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Water: State, Tribal & Territorial Standards

Repository of Documents - California: WATER QUALITY ENFORCEMENT POLICY (Resolution No. 96-030, as amended by Resolution No. 97-085)




  1. California Water Code (WC) Section 13001 provides that it is the intent of the Legislature that the State Water Resources Control Board (State Water Board) and each Regional Water Quality Control Board (Regional Water Board) shall be the principal state agencies with primary responsibility for the coordination and control of water quality. The State and Regional Water Boards shall conform to and implement the policies of the Porter-Cologne Water Quality Control Act (Division 7, commencing with WC Section 13000) and shall coordinate their respective activities so as to achieve a unified and effective water quality control program in the State;
  2. WC Section 13140 provides that the State Water Board shall formulate and adopt State Policy for Water Quality Control;
  3. WC Section 13142(c) provides that State Policy for Water Quality Control shall consist of principles and guidelines deemed essential by the State Water Board for water quality control;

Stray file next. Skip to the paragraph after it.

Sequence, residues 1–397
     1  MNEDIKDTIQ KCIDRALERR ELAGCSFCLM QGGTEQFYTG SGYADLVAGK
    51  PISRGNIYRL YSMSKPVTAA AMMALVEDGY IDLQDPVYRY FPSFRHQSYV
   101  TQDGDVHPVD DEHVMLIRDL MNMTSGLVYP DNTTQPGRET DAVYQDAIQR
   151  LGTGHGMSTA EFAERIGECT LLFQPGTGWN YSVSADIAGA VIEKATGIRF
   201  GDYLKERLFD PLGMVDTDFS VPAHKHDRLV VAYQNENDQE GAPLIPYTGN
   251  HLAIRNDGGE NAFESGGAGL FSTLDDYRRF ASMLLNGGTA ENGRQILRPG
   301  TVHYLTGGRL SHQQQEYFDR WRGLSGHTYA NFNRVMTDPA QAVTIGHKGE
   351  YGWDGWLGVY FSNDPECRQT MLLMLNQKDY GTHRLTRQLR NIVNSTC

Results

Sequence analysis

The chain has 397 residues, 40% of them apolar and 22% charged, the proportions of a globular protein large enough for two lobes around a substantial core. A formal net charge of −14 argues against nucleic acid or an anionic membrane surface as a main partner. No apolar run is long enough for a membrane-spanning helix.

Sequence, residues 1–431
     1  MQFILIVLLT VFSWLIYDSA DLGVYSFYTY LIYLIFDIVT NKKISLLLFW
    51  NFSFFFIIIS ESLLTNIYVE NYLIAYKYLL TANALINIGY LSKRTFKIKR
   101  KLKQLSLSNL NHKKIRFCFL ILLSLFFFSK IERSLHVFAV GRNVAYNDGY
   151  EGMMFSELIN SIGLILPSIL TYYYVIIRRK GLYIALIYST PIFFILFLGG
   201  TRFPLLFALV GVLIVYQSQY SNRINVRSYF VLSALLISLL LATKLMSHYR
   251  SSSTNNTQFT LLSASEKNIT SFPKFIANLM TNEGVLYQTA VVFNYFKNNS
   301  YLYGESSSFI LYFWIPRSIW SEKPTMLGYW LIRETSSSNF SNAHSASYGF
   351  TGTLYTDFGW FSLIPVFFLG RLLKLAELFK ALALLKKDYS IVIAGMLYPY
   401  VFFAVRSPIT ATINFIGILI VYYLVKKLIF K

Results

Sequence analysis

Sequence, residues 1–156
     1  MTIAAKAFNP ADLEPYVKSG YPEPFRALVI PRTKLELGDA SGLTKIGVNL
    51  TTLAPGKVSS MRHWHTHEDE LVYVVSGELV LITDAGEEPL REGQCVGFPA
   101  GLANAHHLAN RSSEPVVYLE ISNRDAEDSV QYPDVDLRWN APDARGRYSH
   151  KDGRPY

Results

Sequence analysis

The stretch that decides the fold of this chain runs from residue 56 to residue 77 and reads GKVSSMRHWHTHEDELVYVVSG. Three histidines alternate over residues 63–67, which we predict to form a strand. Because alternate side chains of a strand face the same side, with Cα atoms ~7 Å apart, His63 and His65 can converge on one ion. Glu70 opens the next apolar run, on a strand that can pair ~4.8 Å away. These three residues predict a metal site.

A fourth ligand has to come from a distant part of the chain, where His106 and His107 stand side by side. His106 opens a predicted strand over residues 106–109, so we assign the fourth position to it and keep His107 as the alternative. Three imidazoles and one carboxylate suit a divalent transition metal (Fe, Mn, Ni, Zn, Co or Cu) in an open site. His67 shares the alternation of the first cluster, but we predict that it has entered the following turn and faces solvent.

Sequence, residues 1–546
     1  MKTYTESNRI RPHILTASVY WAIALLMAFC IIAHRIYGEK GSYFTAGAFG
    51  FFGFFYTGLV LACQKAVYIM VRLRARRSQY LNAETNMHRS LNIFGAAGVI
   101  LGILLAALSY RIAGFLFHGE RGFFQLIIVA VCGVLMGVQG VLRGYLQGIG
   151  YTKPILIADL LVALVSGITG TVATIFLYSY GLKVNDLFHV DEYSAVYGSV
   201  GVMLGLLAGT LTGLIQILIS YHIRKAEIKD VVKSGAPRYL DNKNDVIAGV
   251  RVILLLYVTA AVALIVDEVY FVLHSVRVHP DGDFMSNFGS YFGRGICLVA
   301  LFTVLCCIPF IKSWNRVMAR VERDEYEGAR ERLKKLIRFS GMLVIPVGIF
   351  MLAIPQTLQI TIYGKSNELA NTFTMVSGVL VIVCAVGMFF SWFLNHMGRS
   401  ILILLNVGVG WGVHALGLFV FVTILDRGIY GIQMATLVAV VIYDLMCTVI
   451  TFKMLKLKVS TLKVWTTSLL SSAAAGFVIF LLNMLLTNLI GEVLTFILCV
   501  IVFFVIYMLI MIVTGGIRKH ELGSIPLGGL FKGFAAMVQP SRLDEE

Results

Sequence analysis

4. WC Section 13240 provides that Water Quality Control Plans (Basin Plans) shall conform to any State Policy for Water Quality Control;
  5. The State Water Board assembled a panel, called the External Program Review Committee (Committee), composed of representatives from the regulated community, environmental groups, and other interested parties with a stake in the work of the State and Regional Water Boards to make recommendations on the conduct of the State Water Board's water quality programs.
  6. One of the Committee's recommendations was that the State Water Board adopt a statewide enforcement policy that would ensure that enforcement actions throughout the State are consistent, predictable, and fair.
  7. The State and Regional Water Boards have broad authority to take a variety of enforcement actions under the Porter-Cologne Water Quality Control Act; the Toxic Pits Cleanup Act of 1984; Chapters 6.67, 6.7,and 6.75 of Division 20 of the Health and Safety Code (HSC); Section 25356.1 of HSC; and Chapter 6 of Division 3 of the Harbors and Navigation Code.